Newsletter 1

The Amazon Warehouse Problem

One of my favorite podcasts, Radiolab, did a great piece recently entitled “Brown Box,”  in which reporter Mac McClelland “travels into the belly of the beast that is the internet retail system and what she finds takes her breath away and makes her weak in the knees (in the worst way).”

McClelland takes a job as a “runner” for an internet retail warehouse (not one of Amazon’s warehouses, but never fear, we’ll get to the Dark Lord Amazon in good time, my pretties, patience will be rewarded) and finds the working conditions stressful and exhausting, the demands made on her body and mind almost impossible to meet. In order to get a package to your front doorstep in a few days’ time, runners are pushed to their limits, often only given a minute, or even seconds once they receive your order, to run through the gargantuan warehouse they work in to find your product. Hellacious labor combined with long hours, everybody’s favorite. As the piece states, we can’t make truck drivers go faster while delivering your packages, they have to obey the laws of traffic. There are no laws that state how fast you can run in a warehouse, and internet retail has capitalized on this, putting their warehouse workers into situations that are consistently grueling and sometimes dangerous. The piece concludes with a brief nod to Amazon’s role in the internet-retail-warehouse game. In order to get books (and other products) out on time, Amazon has allowed and encouraged its warehouse workers to toil under inhumane conditions.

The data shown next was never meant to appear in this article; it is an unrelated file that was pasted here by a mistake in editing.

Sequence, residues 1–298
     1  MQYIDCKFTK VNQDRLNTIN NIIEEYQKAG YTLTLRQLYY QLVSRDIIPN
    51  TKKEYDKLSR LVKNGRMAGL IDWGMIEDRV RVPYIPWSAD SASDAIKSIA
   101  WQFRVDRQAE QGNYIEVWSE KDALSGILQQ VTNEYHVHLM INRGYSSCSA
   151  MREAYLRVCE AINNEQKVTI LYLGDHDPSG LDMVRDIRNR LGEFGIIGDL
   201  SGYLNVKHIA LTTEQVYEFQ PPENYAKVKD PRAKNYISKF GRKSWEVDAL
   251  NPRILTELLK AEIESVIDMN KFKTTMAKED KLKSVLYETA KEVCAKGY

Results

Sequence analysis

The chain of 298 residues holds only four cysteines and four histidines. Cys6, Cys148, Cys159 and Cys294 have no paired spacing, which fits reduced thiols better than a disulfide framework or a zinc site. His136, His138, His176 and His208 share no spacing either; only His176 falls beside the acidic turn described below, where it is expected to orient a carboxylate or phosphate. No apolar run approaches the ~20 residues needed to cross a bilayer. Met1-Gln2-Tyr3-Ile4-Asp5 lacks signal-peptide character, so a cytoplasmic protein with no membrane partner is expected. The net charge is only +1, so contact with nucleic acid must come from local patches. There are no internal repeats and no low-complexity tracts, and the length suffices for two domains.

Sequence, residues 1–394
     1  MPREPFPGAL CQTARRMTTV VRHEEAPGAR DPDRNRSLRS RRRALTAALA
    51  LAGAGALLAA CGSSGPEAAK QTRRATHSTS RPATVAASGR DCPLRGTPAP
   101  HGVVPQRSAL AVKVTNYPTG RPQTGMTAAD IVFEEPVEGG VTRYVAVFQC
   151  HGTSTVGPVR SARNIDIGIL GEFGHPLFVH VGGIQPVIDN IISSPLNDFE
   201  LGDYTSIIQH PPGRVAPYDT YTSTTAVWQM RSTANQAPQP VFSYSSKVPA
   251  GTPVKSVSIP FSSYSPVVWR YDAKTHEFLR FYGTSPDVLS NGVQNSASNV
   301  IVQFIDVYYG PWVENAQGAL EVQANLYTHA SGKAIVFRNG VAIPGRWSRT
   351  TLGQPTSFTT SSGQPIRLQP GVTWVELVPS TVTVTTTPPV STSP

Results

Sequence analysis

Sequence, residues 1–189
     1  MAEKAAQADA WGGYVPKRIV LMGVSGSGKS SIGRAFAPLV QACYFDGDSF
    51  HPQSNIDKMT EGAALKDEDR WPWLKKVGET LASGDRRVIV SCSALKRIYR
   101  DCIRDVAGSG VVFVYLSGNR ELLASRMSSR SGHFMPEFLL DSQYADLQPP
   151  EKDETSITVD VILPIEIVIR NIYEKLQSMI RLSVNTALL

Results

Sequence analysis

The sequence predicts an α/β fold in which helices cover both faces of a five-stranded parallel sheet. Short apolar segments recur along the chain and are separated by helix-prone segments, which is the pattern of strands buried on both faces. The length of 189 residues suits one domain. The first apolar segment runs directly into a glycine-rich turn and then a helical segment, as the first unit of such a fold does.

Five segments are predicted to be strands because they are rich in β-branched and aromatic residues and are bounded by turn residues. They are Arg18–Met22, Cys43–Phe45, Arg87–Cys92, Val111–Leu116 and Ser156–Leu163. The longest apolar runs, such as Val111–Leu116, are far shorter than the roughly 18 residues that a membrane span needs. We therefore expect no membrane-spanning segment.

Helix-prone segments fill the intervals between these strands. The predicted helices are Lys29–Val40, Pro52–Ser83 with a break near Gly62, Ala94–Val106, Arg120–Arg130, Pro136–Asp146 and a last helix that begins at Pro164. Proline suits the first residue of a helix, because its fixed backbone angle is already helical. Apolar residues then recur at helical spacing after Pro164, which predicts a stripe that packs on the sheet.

I am constantly sassing about Amazon. I’m very uncomfortable with the fact that they’ve built a business upon convincing the general public that they are “overpaying” at a bookstore, that a hardcover is supposed to be fifteen dollars, that those extra ten to twelve dollars were just being funneled into the Scrooge McDuck money pits of agents, copy editors, publicists, jacket designers, as opposed to… oh, that’s right, a bunch of people who work hard and charge for a product what it’s actually worth. I’m a huge supporter of independent bookstores, and I really don’t like the strain Amazon’s gaming the system has had on my beloved indies.

Which isn’t to say that I’m not a complete hypocrite, and do order books on Amazon from time to time because I am the QUEEN OF HYPOCRITE KINGDOM (though if I know I can pop over to the bookstore and get a copy there, I’ll always go that route, but if it’s something obscure and weird and I want to use my Mom’s Prime to get it in two days…I go on Amazon and use my mom’s prime and get the book in two days). But not ONCE in my time using Amazon have I thought about WHERE my books come from. I’ve only ever been grateful for the convenience. I haven’t thought about WHY it’s convenient. And I’m embarrassed about that. I let myself be comfortable in my own ignorance. There are so many questions I ask about where my food comes from, my gasoline, even my makeup, it’s strange that I never thought to think about where my books come from or how they get to me so fast.

I’m not calling on a ban for buying books online but I am now much less comfortable with the idea of buying books online and it give me just another reason to be eeked out by the Dark Lord Amazon (and if I didn’t make it clear above, I already HAD a list). I just think it’s important for us to know where our things come from and how they get to us and it’s important to know the story so that we can make a decision regarding whether or not it’s a story we want to be a part of.

What about you guys? How do you weigh in on the situation?

Correction: This piece originally stated (going off information in the Radio Lab podcast) that Powell’s Books also used these problematic warehouses, but a rep from Powell’s contacted both Radio Lab and Book Riot to set record straight. Powell’s has let us know that over 90% of their online orders are filled in their own unionized warehouse, not outsourced. This post has been corrected to reflect that fact.


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